Brands should leave their auditive footprint in the heads of potential buyers. A study found out that radio-commercials without any memorable sound-elements are much less likely to be remembered by the audience. In addition, digital products lose out on their natural mechanical sounds. The turning-signal once was the sound of a relay turning the light on and off. Nowadays, it’s just a computer-generated sound that imitates the original, to inform the driver that the function is active.

Reese: Does effective Sonic Branding have an impact on business performance?

Fuhrmann: The core ideas of branding, like differentiation, recognition and charging the brand with values does definitely also work with sound and music. You know it’s Intel when you hear it.

With the Intel sound, they found out, that, in view of recognition, the sound works exactly as good as the visual, but when combined, they perform even better. The quality-perception of products and services can be increased by fitting sounds. A study from Oxford University showed that people were willing to pay more money for the same product just by being exposed to another background-music.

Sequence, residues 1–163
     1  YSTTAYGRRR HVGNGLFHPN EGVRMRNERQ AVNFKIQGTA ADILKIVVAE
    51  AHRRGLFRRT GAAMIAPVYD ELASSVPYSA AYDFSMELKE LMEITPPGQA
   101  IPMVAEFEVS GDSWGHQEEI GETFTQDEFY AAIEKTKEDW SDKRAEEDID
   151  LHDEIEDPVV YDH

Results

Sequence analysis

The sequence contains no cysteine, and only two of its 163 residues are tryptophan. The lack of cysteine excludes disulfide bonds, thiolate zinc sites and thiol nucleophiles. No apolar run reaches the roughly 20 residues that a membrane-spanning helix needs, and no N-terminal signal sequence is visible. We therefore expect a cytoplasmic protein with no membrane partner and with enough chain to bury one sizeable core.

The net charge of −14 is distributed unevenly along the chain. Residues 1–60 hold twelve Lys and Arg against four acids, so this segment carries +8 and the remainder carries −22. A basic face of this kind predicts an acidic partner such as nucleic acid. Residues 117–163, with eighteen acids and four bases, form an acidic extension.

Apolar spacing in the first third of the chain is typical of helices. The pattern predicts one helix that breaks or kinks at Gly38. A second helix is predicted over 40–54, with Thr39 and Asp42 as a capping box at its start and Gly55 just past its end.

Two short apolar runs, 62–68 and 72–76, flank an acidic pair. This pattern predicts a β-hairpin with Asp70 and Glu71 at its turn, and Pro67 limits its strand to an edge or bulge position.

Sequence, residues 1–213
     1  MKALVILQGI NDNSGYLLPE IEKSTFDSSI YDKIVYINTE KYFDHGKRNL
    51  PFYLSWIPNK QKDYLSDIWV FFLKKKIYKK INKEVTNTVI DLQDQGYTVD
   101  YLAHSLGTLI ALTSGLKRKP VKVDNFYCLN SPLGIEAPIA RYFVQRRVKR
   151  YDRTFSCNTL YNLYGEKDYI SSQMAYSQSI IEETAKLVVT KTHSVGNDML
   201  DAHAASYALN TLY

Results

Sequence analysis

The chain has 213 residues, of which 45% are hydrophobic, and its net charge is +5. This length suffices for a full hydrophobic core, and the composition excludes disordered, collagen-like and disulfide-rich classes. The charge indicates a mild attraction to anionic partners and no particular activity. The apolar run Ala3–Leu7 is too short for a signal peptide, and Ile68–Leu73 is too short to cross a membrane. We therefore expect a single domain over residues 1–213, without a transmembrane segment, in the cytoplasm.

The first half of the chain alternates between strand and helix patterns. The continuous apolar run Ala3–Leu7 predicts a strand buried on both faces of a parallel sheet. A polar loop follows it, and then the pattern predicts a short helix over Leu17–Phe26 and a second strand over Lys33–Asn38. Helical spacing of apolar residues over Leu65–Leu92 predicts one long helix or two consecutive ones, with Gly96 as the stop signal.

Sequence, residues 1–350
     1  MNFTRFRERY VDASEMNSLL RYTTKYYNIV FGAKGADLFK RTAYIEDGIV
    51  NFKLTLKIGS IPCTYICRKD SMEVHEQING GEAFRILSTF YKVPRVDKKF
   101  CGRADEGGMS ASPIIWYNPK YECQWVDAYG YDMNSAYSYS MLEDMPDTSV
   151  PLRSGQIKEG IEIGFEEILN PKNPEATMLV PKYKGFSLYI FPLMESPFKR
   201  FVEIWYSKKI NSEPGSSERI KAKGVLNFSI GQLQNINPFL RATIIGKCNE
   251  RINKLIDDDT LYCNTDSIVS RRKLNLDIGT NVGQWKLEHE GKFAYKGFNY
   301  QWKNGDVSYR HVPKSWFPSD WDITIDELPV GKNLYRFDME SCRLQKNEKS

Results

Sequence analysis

A thought-through sound identity can even save marketing budgets, as you manage licenses centrally, use music pieces cross-media and create your own brand music database without any additional cost or license issues.

Reese: Should Brands have a long-term strategy in place when it comes to use of music/sound in branded communication?

Fuhrmann: Absolutely! Unfortunately, it is seldom a priority and, therefore, often neglected. For me, these days are over. It’s crucial that a good brand sound comes out of the brand itself and does not depend on the music preference of the marketing manager. Sound needs to reflect brands key attributes or project the desired image. Like Bacardi beach lifestyle or the prairie of Marlboro. Furthermore, these sounds should also differentiate the brands from their competitors.

If a company’s sound strategy ends at a sound logo, a huge potential is being neglected. Brands must send the right signals - and the same signals - everywhere and always. This means paying close attention to a number of parameters such as continuity, consistency, fit and monitoring. It also means that music choices shouldn’t be made based purely on personal taste.

Reese: Do you believe that music can have an impact on consumer buying behavior?

Fuhrmann: Why is the question about belief and not knowledge? There are a number of studies that measure the impact of sound on consumers buying behavior and the results are very positive across all touchpoints.

Reese: Looking into the future, do you think sound will play a more important role in branding?